The Trump administration wants to hear comments on restrictions that the Affordable Care Act placed on physician-owned hospitals.
On Friday, the CMS issued a proposed rule for inpatient hospitals that contained two requests for information. The first sought comments on the appropriate role of physician-owned hospitals within the delivery system. The second asked which regulations should be rescinded.
For the first request, the CMS asked whether the current restrictions on the facilities affect healthcare delivery and wondered what impact they might have on some patients.
The question was music to the ears of industry stakeholders who fought against the regulations.
“The current ban on physician-owned hospitals prevents Medicare patients, in many instances, from accessing the highest quality of care in their community,” said Dr. Blake Curd, president of Physician Hospitals of America.
Groups like the American Hospital Association and Federation of American Hospitals, which represent not-for-profit and investor-owned hospitals, respectively, have lobbied Congress hard against physician owned hospitals following reports by both MedPAC and the Government Accountability Office that showed those hospitals cherry-pick patients needing treatments with high profit margins such as orthopedic surgery.
Hospital trade groups successfully lobbied Congress to include an amendment in the ACA that prevents physician-owned hospitals from expanding their existing facilities unless the HHS secretary deems it beneficial to the community. In order to qualify for Medicare or Medicaid payments, a physician-owned hospital needs approval from HHS.
The law also prohibits investors from increasing ownership stake in hospitals and prohibits providers from referring any Medicare and Medicaid patients to hospitals in which they hold any stake.
According to a 2016 Health Affairs study, physician owned hospitals generate higher mean revenue per adjusted patient day than non-POHs, at $2,710 versus $1,201, respectively.
It’s unclear what HHS could do to lift the restrictions since the ACA remains the law of the land, said Jeff Goldsmith, president of Health Futures Inc., a Charlottesville, Va.-based consulting firm.
AHA and FAH vehemently support the restrictions on phyisician-owned hospitals. In February, AHA reiterated its support after a bipartisan group of lawmakers introduced H.R. 1156, the Patient Access to Higher Quality Health Care Act, which would have lifted those ACA restrictions.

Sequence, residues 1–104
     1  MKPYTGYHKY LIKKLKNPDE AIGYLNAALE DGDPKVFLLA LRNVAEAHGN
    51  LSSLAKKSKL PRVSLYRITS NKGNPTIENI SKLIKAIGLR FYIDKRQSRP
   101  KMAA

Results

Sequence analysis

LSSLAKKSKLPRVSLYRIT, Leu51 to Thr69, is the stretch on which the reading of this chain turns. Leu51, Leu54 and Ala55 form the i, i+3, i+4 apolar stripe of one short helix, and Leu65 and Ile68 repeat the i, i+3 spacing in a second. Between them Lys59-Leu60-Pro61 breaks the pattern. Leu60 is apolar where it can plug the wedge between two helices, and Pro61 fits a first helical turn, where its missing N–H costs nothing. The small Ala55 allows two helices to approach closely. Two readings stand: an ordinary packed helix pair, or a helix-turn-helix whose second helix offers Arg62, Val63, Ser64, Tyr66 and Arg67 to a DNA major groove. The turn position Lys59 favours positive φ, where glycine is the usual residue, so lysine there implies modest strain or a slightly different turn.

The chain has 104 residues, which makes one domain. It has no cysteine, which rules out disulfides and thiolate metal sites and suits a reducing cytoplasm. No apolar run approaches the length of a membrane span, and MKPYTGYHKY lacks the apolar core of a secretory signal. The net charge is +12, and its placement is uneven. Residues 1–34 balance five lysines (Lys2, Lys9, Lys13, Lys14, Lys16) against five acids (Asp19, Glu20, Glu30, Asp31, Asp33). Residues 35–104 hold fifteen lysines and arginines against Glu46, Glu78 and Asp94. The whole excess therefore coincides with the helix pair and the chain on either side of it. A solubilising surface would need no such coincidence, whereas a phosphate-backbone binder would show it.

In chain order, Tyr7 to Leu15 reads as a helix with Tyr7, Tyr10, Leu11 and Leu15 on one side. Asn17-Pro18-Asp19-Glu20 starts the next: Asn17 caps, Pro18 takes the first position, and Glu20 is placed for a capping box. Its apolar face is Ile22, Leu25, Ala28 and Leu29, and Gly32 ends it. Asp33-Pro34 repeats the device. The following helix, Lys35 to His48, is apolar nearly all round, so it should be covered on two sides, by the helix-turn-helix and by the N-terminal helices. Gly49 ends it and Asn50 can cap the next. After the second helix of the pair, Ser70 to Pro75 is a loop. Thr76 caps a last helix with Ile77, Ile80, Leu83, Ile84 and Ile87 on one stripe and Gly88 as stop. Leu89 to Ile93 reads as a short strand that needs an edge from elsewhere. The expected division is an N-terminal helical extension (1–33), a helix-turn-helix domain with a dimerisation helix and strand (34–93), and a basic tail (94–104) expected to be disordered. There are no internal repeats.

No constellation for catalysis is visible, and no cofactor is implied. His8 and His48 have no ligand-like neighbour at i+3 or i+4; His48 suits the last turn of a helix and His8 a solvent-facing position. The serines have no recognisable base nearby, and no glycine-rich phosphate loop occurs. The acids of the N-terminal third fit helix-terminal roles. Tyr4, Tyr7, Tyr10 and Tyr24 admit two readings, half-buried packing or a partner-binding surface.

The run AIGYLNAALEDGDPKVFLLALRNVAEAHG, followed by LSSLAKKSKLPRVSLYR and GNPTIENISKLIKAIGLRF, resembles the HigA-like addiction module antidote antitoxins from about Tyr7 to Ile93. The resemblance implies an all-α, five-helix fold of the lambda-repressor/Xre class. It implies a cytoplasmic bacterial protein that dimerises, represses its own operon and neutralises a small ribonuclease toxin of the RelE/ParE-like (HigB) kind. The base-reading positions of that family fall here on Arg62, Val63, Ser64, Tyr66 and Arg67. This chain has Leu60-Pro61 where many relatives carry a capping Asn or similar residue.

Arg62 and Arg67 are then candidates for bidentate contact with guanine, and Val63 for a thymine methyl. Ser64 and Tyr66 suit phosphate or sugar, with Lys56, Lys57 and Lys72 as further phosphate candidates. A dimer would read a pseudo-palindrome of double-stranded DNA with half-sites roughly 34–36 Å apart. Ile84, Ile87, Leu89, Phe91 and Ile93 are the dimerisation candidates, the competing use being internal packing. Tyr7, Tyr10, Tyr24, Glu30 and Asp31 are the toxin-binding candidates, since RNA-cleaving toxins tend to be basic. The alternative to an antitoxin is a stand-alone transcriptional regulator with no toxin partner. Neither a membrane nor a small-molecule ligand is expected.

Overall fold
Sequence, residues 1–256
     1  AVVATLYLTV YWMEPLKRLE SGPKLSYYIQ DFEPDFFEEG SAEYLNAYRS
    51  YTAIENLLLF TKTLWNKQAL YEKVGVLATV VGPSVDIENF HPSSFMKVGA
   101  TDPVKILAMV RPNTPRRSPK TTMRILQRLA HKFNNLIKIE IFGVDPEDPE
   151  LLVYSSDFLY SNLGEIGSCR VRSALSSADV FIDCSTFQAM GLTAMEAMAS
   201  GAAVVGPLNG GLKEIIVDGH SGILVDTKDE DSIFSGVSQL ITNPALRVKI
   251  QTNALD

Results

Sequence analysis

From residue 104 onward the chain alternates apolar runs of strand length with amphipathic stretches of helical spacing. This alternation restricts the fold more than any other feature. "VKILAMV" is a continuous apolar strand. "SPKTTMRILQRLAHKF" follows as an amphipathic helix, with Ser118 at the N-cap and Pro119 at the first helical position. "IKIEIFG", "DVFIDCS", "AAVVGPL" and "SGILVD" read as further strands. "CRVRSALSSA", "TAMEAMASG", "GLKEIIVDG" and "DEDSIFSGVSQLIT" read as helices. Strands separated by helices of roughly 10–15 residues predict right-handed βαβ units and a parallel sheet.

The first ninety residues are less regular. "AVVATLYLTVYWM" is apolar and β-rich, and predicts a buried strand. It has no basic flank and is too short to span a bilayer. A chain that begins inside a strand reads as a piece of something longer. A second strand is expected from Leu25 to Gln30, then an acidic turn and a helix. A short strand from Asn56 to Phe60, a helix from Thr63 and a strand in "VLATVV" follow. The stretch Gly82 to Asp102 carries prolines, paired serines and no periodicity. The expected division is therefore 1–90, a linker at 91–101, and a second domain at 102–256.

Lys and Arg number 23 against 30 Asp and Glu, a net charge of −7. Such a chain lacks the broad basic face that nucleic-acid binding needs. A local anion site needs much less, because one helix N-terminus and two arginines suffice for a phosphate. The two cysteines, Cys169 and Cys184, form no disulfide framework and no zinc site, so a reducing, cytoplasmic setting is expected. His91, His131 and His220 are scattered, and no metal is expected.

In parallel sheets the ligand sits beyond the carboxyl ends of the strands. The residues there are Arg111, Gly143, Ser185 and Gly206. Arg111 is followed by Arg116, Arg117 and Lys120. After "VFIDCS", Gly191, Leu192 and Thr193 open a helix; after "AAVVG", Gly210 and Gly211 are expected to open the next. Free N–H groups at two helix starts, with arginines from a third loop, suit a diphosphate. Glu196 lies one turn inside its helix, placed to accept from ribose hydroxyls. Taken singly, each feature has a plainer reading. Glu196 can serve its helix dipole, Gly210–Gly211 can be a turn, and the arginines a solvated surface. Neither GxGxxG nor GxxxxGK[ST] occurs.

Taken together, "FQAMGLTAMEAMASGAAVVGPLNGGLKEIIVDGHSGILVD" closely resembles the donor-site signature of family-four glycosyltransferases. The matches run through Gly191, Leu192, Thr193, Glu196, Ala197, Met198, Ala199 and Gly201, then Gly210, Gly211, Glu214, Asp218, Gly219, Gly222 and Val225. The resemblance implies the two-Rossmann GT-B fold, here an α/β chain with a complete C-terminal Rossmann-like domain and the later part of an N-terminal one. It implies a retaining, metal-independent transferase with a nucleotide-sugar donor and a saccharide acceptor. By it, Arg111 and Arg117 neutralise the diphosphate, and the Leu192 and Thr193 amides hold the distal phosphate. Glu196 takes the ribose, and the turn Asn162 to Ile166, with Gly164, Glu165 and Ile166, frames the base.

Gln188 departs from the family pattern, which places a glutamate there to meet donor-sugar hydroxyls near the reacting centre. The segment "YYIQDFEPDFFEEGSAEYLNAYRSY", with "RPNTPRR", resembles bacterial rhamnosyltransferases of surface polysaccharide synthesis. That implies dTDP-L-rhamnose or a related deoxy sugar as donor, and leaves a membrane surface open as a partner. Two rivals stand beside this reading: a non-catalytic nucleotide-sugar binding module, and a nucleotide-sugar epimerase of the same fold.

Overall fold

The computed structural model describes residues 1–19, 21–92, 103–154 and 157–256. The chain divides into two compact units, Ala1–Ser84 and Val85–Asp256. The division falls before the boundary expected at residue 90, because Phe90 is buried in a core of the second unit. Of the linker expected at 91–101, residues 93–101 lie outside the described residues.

The rulemaking on Friday also asked which current regulations on the industry should be lifted. Specifically, ones that reduce burdens for hospitals, physicians, and patients, improve the quality of care, decrease costs, and ensure that patients and their providers and physicians are making the best health care choices possible.
“There are a range of contradictory programs, conflicting incentives and other regulatory hurdles that hamstring providers from delivering quality, innovative care,” Blair Childs, senior vice president of public affairs at Premier said in a statement after the rule.
The AHA already made a request in a letter to then President-elect Donald Trump.
It said the cancellation of Stage 3 of the meaningful use program should be a top priority because hospitals are shouldering the expense of upgrading electronic health records solely for regulatory reasons.
The final stage of the health IT program requires providers to send electronic summaries for 50% of patients they refer to other providers, receive summaries for 40% of patients that are referred to them and reconcile past patient data with current reports for 80% of such patients.
It also asked for removal of hospital quality measures that track care in both inpatient and outpatient settings. It claimed that those data are inaccurate and do not focus on solutions to improving care.
Toby Edelman, senior policy attorney at the Center for Medicare Advocacy said the quality measure request troubled her because AHA did not suggest improvements or alternatives.
It’s unclear how the Trump administration will use information gathered during the requests for information. It said the CMS will not respond to comment submissions on the inpatient payment rule. Rather, it will actively consider all input as will develop future regulatory proposals.